Today marks ten years since the beginning of the financial crisis. Of course it took a little while to trickle down the chain, but it had an impact on everyone in some way; no matter your pay grade. It led to 10 years of austerity, penny pinching and belt tightening. And according to many sources; our increasing dependency, as a nation, on credit shows we haven’t learned anything and have actually left ourselves in a position where this could happen again.
To be honest, I wasn’t really affected by the recession. And if I’d kept plodding along like I was, I may never have been. But in 2010 I decided to change jobs. It was a long process full of rejection. No one was hiring and those that were had an over saturation of applicants. I struck lucky and got the position I have now, but soon regretted my decision. My new job had very limited opening hours and no chance of overtime or promotion. I was greatly limiting my earning potential but I’d done it, there was no going back.
Again, this probably wouldn’t haven’t been such a problem if I hadn’t been irresponsible with my credit cards. I could sit here and explain that I was young and had received bad advice from friends as to how to pay them off. It was still my responsibility. Looking back, yes, it was bad advice and actually led to my debt greatly increasing, I should have done what I thought was right. But I also shouldn’t have let it get that bad; that’s entirely on me.
Today, I’m still paying off that debt through a consolidation loan (it got to the point that this the only practical way to move forward). The job market where I live is still stagnant. The only earnings increases really come from increases to the minimum wage or increases in our personal allowances. Artificially increasing disposable does help the economy to some extent, but with high earning industries such as the oil and gas sector taking a nose dive these improvements may not last long.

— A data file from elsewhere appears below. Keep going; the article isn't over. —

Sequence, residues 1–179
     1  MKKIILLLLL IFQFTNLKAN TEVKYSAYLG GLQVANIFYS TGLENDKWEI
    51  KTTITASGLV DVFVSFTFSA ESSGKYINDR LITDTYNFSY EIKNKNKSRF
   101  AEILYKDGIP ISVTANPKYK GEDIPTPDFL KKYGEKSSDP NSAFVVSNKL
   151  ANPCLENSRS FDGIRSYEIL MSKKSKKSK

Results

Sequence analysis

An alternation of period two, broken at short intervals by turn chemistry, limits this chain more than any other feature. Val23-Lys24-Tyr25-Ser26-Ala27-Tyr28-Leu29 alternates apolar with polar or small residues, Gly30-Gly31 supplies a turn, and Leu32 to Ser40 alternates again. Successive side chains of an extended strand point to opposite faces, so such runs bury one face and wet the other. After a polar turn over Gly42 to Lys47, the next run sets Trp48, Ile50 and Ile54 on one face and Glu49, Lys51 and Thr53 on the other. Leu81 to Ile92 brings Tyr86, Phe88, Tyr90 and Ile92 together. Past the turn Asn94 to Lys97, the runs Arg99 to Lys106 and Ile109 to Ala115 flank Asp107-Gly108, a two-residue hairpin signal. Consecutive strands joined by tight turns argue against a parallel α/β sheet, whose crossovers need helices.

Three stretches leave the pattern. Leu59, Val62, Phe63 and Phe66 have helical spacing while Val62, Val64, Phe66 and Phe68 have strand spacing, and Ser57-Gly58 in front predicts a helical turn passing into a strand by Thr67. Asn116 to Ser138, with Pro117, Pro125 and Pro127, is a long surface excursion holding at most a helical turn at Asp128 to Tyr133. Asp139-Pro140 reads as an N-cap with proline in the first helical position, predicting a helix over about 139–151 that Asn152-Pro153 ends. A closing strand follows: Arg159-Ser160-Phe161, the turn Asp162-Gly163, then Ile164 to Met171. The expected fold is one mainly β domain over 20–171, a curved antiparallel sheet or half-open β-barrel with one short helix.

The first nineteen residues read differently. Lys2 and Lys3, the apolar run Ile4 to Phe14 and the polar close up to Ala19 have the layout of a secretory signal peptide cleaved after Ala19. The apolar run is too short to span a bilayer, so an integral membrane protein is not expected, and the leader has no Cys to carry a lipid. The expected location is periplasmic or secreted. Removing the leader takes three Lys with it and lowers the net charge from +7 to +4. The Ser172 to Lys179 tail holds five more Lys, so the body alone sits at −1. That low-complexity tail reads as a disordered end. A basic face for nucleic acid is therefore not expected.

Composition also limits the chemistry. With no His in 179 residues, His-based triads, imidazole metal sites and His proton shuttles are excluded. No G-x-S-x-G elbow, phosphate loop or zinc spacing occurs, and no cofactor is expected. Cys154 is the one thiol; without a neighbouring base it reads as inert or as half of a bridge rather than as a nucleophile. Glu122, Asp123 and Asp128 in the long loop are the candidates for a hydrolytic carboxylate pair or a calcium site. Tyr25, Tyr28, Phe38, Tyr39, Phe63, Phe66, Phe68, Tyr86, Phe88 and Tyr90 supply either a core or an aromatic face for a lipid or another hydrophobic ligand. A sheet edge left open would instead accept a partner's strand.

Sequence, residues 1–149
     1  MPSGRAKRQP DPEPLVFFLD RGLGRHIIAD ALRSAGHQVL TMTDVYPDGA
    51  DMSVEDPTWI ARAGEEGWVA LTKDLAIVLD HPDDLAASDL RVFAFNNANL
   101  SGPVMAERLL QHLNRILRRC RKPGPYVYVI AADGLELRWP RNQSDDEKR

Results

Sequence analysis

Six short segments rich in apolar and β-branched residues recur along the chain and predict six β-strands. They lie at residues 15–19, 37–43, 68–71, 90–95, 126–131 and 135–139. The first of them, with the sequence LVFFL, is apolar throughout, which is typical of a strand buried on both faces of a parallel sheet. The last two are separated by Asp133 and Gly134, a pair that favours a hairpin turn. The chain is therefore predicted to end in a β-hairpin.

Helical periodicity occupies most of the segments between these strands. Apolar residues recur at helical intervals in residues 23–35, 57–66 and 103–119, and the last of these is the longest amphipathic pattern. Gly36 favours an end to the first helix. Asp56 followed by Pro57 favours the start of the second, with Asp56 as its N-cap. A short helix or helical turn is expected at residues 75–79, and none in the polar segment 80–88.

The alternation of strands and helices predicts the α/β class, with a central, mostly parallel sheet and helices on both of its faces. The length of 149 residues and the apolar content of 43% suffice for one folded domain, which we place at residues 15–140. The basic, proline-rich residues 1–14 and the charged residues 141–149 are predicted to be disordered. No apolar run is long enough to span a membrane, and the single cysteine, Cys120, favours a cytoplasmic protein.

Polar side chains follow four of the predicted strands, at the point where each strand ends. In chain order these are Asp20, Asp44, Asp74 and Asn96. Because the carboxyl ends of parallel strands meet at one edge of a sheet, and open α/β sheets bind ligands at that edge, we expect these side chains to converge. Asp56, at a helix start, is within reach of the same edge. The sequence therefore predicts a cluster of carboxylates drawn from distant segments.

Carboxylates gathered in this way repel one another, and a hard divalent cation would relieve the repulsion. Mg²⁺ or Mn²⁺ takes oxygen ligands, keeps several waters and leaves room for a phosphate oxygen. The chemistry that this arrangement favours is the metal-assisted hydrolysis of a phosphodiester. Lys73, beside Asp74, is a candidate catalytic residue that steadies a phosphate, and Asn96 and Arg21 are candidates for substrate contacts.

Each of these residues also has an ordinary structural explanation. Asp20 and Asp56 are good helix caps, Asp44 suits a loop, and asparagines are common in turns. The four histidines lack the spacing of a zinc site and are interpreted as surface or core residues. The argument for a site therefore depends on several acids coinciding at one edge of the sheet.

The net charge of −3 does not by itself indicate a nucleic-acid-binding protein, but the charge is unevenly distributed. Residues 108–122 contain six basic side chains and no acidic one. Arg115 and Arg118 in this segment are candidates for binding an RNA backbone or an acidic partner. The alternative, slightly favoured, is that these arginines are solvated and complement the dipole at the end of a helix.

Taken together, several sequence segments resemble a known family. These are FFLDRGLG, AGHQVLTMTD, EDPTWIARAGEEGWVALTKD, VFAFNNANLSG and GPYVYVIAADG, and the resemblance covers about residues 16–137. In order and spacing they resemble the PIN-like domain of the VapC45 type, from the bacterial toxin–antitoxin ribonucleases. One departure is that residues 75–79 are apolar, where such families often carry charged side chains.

I know this may make some grim reading, especially to those who may only know the post recession world. Long gone are the days you could pop to the shop with a pound, buy bread, milk and the paper and still come back with change (12p for a loaf of bread!). I want to send you off with some hope. What the economy needs is stability. Economists and bankers constantly go on about growth targets and we always fail to meet them, which makes people feel insecure and scared for their financial future. We need stability to grow confidence in our economy, and that is what austerity was meant to achieve. It was meant to wean us off this credit culture and teach us to live with in our means, perhaps even begin to save a little.
And this the message I want to send you away with, even if it took me so long to learn it myself.